VIDEO: Rare footage reveals family of tigers feeding on prey in Thailand

Rare footage of a family of wild tigers feeding on prey in Isaan’s Dong Phayayen – Khao Yai Forest Complex has been captured by Thailand’s Department of National Parks, Wildlife and Plant Conservation. With only 250 wild tigers estimated to be left in Thailand, the chances of capturing footage of tigers are next to none.

The short clip shows a family of two tiger cubs, their parents, and two more tigers playing together in the forest. Later in the clip, the tigers are pictured feasting on a large animal carcass.

National park officials used camera traps to capture a total of 15 images of tigers in the 6,155 square kilometre forest complex so far this year. The pictures include images of three mother tigers, who gave birth and raised their cubs in the national park.

In 2005, the area was named a UNESCO World Heritage Site, covering five protected areas in the Dong Phaya Yen Mountains and Sankamphaeng Range, namely Khao Yai, Thap Lan, Pang Sida, and Ta Phraya National Parks and Dong Yai Wildlife Sanctuary.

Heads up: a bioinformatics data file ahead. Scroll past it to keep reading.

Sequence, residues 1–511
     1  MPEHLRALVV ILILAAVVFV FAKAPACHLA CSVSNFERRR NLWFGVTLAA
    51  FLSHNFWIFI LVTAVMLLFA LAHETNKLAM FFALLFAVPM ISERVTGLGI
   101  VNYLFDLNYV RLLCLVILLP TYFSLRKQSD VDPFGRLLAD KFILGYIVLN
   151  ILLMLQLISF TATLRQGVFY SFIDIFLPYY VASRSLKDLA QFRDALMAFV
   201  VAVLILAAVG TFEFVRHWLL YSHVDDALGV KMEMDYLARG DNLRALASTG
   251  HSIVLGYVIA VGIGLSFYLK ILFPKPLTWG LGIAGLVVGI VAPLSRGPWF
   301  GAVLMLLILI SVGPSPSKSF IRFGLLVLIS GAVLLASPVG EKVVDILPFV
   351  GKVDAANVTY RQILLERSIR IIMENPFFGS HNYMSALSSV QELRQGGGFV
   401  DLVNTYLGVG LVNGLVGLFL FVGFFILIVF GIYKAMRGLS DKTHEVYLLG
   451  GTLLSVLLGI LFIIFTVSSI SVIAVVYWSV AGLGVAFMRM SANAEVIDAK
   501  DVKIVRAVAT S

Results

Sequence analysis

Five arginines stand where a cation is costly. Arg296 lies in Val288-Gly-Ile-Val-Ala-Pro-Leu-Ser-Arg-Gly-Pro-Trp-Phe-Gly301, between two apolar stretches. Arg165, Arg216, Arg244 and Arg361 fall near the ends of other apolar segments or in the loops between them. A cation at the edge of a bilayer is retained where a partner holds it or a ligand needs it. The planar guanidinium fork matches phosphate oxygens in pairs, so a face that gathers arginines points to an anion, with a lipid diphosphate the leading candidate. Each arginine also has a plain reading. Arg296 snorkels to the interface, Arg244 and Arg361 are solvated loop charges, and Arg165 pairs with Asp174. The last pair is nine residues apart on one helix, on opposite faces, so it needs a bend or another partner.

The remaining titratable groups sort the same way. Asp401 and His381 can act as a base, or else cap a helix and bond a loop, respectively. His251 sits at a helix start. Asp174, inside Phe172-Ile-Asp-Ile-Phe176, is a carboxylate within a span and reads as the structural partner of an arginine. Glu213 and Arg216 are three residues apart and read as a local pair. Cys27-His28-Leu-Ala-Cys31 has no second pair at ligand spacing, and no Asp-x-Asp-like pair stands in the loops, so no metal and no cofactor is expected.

The complex is home to more than 800 species of animals, including 112 species of mammals, 392 species of birds, and 200 species of reptiles. Of these, 19 are vulnerable, four are endangered and one is critically endangered.

The footage comes just in time for Global Tiger Day, celebrated on July 29. To celebrate, the department will host an event called “Global Tiger Day 2022 – Tiger Next Gen” at the wildlife management development centre in Suphan Buri province.

As the world celebrates the Year of the Tiger in 2022, the illegal wildlife trafficking trade and habitat encroachment continue to threaten the big cat’s chances of survival. Thailand is cracking down on illegal tiger smuggling, but tiger cubs are still being smuggled into Thailand’s borders, mostly from Laos and Myanmar.

In April, Thai police confiscated a four month tiger cub smuggled into the country from Laos at a car park in Nonthaburi province. The police posed as interested customers and the traffickers agreed to sell them the cub at a price of 400,000 baht. Police arrested three men in relation to the incident and handed the cub over to the Wildlife Conservation of Thailand.


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Leah is a translator and news writer for the Thaiger. Leah studied East Asian Religions and Thai Studies at the University of Leeds and Chiang Mai University. Leah covers crime, politics, environment, human rights, entertainment, travel and culture in Thailand and southeast Asia.

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